Meeting in the Middle for Autism
Updated: Mar 16
By Thomas Johnson, St John's College
Autism. It’s one of those things we often hear about on the TV and in the news. Sometimes it’s a disability, but sometimes it’s not. It’s a hot topic on modern shows like ‘Undateables,’ but also something we connect to some of history’s most famous mathematicians. And isn’t Sherlock Holmes on BBC a ‘bit autistic’?
Uniquely positioned and often misunderstood, autism is a condition on the fringes of mental illness; a developmental disorder, characterised by impaired social communication and interaction. And yet, many autistic people would argue that their autism is intrinsic to their personhood and an integral part of who they are. Despite this conflict, autism research is accelerating, and effective medical intervention for autism is less than a decade away. This begs the question: can a balance be struck between seeking medical treatment for the disorder while respecting the autonomy and perspectives many feel hold towards their autism?
In June 2018, Innovative Medicines Initiative, along with a consortium of charities and industry partners, awarded €113 million to the Autism Innovative Medicine Studies-2-Trials (AIMS-2-Trials). Led by King’s College London, the AIMS-2-Trials represent the world’s largest organised effort into the development and testing of new therapies for autism. Importantly, the research conducted under the AIMS-2-Trials umbrella approaches autism using the medical model: the need to find something, genetic or neurological, that can be corrected in autistic people. The medicalisation of autism, in part, reflects new evidence showing remarkable similarities between the aetiology of autism, and that of schizophrenia and ADHD – two other psychiatric disorders well suited to the application of the medical model.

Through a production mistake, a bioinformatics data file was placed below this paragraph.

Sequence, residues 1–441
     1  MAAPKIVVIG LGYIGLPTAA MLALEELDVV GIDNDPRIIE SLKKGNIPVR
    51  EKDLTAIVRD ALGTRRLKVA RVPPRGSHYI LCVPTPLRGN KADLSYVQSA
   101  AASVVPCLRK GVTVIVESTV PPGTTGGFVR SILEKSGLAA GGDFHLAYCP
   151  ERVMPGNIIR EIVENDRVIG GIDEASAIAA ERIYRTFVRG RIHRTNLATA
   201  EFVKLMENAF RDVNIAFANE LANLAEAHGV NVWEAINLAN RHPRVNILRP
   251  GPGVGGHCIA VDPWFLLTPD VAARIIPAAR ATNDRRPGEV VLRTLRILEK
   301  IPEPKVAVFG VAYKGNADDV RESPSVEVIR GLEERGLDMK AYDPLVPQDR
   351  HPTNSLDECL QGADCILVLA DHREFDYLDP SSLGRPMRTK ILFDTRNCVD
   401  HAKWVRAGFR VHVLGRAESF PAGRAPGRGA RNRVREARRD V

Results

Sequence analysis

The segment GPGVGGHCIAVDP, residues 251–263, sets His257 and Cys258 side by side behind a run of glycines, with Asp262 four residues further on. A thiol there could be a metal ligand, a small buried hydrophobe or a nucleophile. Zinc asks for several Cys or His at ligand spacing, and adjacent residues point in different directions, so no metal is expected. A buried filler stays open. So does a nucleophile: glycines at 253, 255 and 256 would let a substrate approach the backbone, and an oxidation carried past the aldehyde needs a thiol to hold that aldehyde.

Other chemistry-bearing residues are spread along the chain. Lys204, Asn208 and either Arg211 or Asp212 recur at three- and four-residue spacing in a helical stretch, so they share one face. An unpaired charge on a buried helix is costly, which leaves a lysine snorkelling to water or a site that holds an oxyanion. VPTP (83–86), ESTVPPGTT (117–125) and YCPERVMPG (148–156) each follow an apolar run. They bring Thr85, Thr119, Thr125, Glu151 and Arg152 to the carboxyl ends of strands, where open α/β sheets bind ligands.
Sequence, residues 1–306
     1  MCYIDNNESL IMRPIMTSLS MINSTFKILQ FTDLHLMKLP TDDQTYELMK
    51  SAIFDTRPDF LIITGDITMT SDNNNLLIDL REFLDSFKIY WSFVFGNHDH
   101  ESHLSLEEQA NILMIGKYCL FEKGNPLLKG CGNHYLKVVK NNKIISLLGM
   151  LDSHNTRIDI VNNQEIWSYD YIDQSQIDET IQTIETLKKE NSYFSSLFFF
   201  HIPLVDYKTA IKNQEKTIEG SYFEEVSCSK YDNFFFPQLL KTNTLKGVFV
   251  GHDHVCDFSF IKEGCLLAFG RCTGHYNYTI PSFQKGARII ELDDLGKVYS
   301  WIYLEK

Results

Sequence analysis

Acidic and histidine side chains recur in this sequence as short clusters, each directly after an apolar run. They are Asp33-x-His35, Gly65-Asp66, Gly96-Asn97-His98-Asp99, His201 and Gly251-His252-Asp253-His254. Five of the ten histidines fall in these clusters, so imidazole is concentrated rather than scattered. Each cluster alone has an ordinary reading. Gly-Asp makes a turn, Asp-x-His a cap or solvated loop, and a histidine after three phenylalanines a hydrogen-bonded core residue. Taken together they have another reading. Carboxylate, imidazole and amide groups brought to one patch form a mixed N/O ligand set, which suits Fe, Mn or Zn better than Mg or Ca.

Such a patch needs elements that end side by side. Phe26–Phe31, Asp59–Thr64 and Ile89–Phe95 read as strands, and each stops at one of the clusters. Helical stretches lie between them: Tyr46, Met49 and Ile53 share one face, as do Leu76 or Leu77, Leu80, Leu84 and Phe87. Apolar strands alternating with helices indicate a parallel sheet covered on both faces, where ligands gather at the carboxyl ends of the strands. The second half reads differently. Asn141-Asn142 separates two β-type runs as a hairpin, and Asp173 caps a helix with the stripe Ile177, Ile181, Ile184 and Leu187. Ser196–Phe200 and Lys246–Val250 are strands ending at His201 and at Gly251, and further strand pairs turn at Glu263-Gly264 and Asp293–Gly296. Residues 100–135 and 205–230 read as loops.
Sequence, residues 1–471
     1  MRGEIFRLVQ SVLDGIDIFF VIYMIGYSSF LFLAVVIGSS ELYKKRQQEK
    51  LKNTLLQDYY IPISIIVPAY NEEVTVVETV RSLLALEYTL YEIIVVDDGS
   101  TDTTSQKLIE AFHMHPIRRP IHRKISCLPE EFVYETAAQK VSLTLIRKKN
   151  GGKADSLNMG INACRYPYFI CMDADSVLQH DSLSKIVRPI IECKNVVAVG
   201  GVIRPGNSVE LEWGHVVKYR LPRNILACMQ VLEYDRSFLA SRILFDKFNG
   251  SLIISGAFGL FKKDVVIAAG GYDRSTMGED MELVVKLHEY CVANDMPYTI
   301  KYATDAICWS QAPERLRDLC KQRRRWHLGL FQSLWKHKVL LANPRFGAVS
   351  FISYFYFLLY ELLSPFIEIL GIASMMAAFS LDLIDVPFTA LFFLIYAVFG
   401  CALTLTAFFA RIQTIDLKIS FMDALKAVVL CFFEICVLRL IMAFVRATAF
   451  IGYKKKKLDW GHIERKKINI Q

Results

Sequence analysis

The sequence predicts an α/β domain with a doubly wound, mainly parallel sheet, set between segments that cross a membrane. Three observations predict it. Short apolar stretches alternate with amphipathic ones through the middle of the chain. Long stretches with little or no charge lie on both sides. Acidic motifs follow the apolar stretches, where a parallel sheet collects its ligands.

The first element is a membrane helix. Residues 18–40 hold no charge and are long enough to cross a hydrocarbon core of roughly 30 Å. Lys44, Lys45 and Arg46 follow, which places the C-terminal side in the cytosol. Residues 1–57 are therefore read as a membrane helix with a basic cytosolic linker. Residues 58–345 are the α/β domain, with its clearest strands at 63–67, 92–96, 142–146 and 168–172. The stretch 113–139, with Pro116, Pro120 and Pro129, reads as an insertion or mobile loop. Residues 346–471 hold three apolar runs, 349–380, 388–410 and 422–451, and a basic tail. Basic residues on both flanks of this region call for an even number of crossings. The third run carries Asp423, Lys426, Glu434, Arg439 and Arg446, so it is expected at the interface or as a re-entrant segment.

Unlike other mental disorders, autism feels slightly out of place in the medical model. Autism is often so tightly tied up in an autistic person’s personality that they are almost inseparable; treating autism would be comparable to treating an autistic persons sense of humour, or their love for books and sunsets, or their affinity for dogs. The neurodiversity movement embodies this attitude, arguing that autism, as well as other disorders such as schizophrenia and ADHD, is simply a natural variation in human neurology: a form of human diversity subject to the same social dynamics as other forms of diversity. In essence, autism is not a disability that warrants treatment.